* Your female friends are all cutting up magazines for early childhood ed or fashion and your stuck at a computer for hours trying to figure out where your software went wrong making you "out of the loop".. it can be rather isolating.
* Dating is often a mixed reaction and because the hours tend to be longer to study in STEM, it often impacts those relationships because you can't just skip assignments.

So say you get through those social issues and stay the course and graduate and get your first job.

*STEM is often very competitive (look at Google or Microsoft interviews). Women are not necessarily trained to be competitive but taught to be cooperative. It comes down to gender rolls and starts when girls are 3+. I have noticed that women that were in competitive sports or competitions in childhood do better in STEM because they are trained to compete, win and lose. Trained that its ok to say your the best.
* women tend to help others without taking credit. This means it appears your not getting as much done because you spent hours helping a counterpart. This "niceness" factor has hurt many women I know as it actually makes them appear like they are doing less rather than more.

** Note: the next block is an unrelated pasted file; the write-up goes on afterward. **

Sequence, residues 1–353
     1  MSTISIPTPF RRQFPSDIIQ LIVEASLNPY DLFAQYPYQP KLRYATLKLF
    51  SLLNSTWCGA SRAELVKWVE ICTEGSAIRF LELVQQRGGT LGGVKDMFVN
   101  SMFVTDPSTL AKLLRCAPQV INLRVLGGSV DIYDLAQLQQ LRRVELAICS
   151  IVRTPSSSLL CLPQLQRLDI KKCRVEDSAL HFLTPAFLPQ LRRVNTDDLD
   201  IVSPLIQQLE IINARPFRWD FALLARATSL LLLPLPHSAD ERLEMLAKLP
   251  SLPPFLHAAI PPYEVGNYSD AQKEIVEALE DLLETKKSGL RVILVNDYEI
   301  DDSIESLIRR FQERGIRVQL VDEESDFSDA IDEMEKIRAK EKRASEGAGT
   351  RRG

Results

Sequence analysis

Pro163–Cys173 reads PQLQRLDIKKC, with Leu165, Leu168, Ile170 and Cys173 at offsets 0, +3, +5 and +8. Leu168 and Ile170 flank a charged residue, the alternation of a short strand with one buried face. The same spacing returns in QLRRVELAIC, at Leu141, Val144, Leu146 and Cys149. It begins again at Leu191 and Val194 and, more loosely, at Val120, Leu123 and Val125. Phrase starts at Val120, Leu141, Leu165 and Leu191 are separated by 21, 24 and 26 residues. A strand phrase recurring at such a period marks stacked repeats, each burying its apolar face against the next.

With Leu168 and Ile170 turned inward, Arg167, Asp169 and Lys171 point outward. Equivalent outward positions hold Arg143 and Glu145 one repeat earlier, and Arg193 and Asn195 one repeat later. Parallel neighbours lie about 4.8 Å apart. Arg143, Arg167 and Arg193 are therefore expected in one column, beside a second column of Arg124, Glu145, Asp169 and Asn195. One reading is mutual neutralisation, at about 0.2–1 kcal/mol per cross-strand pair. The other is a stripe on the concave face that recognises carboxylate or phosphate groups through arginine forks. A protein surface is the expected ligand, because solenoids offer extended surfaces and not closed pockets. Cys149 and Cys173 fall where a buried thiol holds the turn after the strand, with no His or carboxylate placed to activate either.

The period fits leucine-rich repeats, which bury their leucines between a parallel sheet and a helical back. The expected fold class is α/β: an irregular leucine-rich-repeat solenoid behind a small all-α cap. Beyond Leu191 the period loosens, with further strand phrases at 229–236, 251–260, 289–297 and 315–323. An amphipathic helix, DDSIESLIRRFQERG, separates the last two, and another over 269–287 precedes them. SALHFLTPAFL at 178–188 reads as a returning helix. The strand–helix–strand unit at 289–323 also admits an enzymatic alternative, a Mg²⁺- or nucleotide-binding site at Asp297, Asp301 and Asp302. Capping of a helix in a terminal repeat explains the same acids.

* Women don't tend to brag (cultural) and thus talk about what "we" did and not what "I" did putting us at a performance disadvantage. I had a female manager tell me to always mark my performance review as all 5 out of 5s and then argue down vs. I marked myself as a 3 (average) expecting my manager to tell me how good I was and mark up. She was right, that doesn't happen.
* For some reason there is a phenomenon where a woman can say something brilliant in a meeting and it is often ignored and yet two seconds later a man can repeat the same idea and then that idea gets associated to the guy, not the woman. I've seen this happen a ridiculous amount of times in a meetings. I actually think this is because women tend not to be as forceful in their language and tone so in busy meetings they can be drowned out.